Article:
PartySlate’s growth is a stirring example of how Chicago’s startup ecosystem supported one of its own. The company’s vision to build a ‘party inspiration engine’ first received support from 1871, described by Crunchbase as ‘a not-for-profit community that helps digital designers, engineers, and entrepreneurs build their startups and share ideas’. Back in 2015, 1871 invited PartySlate to the first cohort of its woman-centered WiSTEM entrepreneurial program. Remarkably, this invitation preceded PartySlate’s website going live, showing the early nature of this support. PartySlate also set up shop at 1871’s 2.0 expansion. Novack credits the company’s early growth to 1871’s support and the combined experience of the founding team – herself, Co-founder John Haro, and Executive Creative Director, Mark Semon.
According to Novack, “We’re in our forties — we’ve all run big businesses. With our experience and our networks, we were able to raise money faster because they believe in our team,” she said. “Between the three of us, we have over 60 years of digital experience and a lot of connections … With that experience, I think we have a little bit of an advantage over those who haven’t seen as much in the business world that really is working to our advantage.”
PartySlate then found support in early 2016 from the Edward L. Kaplan New Venture Challenge hosted by the University of Chicago’s Booth School of Business, according to a VentureBeat article. In June 2016, PartySlate was also selected to be one of the Techstars Chicago 2016. In terms of funding, PartySlate had scored a $1M seed round from Hyde Park Venture Partners. This was followed by a $100K Convertible Note in June 2016.
In February 2017, PartySlate received $1.9M of seed funding from 7 investors, including Hyde Park Venture Partners (which led the round), Hyde Park Angels, and InvestHER Ventures. InvestHER is another early stage focused Chicago-based VC, and invests in female founders. Three Los Angeles-based VCs – Jump Investors, Wavemaker Partners and Halogen Ventures – also participated in the round. Like InvestHER, Halogen Ventures also focuses on technology companies with female founders.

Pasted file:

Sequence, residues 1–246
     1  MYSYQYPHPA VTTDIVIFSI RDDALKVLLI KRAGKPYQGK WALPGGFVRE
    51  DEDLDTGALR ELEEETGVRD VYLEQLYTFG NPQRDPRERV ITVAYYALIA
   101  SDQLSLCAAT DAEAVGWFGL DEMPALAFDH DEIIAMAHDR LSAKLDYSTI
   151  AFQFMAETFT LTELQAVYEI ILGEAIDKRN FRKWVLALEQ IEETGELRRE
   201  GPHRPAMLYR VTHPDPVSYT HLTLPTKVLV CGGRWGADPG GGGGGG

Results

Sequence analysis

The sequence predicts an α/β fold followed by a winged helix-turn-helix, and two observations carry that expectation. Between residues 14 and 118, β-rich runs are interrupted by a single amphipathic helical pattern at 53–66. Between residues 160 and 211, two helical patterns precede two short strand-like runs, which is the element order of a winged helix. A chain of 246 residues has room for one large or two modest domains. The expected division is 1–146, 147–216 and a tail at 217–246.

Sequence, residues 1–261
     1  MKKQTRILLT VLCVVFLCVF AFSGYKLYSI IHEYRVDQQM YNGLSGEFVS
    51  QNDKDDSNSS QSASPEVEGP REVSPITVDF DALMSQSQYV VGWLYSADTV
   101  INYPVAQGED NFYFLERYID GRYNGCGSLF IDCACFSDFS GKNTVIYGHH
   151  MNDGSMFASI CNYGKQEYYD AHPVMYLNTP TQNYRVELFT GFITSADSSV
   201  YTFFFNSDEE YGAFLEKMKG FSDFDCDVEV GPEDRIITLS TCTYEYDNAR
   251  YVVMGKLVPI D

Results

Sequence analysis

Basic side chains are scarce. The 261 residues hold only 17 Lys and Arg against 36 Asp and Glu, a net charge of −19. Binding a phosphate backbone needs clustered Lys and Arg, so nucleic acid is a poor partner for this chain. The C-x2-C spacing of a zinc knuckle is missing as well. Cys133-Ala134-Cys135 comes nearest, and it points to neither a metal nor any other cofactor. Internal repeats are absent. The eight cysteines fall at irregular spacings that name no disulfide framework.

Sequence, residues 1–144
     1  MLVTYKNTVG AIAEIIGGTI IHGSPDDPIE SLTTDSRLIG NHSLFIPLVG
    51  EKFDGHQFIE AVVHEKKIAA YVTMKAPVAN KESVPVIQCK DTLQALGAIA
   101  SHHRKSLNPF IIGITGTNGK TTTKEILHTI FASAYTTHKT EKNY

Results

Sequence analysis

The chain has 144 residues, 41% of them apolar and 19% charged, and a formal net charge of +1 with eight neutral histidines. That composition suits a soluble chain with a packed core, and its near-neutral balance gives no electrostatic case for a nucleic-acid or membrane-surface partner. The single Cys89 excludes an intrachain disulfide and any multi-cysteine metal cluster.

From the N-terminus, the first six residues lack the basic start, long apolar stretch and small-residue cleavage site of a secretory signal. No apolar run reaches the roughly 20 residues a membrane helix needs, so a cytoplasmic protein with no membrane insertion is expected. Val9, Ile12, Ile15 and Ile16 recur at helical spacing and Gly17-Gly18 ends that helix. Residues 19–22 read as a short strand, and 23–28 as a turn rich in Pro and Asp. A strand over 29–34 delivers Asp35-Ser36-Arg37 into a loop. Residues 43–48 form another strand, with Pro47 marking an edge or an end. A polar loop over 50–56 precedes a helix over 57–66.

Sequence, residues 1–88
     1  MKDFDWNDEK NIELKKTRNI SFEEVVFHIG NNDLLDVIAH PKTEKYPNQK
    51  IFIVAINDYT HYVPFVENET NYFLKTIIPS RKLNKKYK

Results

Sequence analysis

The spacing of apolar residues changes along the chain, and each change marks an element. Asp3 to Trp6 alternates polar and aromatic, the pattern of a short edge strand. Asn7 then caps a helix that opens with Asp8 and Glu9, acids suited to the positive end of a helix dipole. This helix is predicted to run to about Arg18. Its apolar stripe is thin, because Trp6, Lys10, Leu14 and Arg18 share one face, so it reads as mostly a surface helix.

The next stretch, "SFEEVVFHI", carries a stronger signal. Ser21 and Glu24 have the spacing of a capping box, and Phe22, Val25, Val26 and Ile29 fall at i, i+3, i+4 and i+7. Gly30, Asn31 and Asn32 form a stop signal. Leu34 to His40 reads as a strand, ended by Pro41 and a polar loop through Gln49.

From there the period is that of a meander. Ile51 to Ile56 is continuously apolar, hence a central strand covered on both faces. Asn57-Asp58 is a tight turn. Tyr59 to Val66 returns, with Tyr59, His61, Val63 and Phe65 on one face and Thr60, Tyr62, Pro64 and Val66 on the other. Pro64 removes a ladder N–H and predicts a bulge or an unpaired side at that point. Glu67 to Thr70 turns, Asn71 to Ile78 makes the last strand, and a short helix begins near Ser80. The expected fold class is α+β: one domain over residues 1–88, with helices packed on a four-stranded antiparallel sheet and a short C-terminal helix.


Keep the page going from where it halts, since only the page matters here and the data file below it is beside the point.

By August 2017, the platform hosted over 150,000 images and hosted 2000 professionals, and had initiated its expansion into Los Angeles. The partnership was bolstered as noted event planner, Mindy Weiss. In a Press Release, Weiss is quoted as saying “I’m excited to have a beautiful place to share all of my wedding and corporate event photos. This platform is becoming the go-to site to view photos from leading event professionals around the world”. In October 2017, the company expanded into Dallas as well.
The support for PartySlate in terms of funding as well as incubation and guidance from Chicago’s ecosystem by virtue of having a female founder is one of the reasons why Inc estimated that Chicago had the highest concentration of women entrepreneurs in the country.
After a remarkable year in which the company tripled the number of professionals on the site and Novack spoke to WGN Radio twice over, PartySlate entered 2019 with a new seed round which raised $3M. The round was led once again by Hyde Park Ventures, and the company said that the funds would be used to boost product development efforts, hire more marketers, and expand its reach to new locations across the country. Rise of the Rest Fund participated in the round, and is noteworthy because of the personalities involved. Rise of the Rest is managed by Revolution Ventures which is founded by Steve Case (AOL Co-founder), has author J.D. Vance as Managing Partner, and features such notables as Brad Keywell (CEO, Uptake), Eric Schmidt (Google Co-founder), Howard Schultz (Starbucks Founder, potential candidate for POTUS in 2002), and Joe Mansueto (Chairman, Morningstar).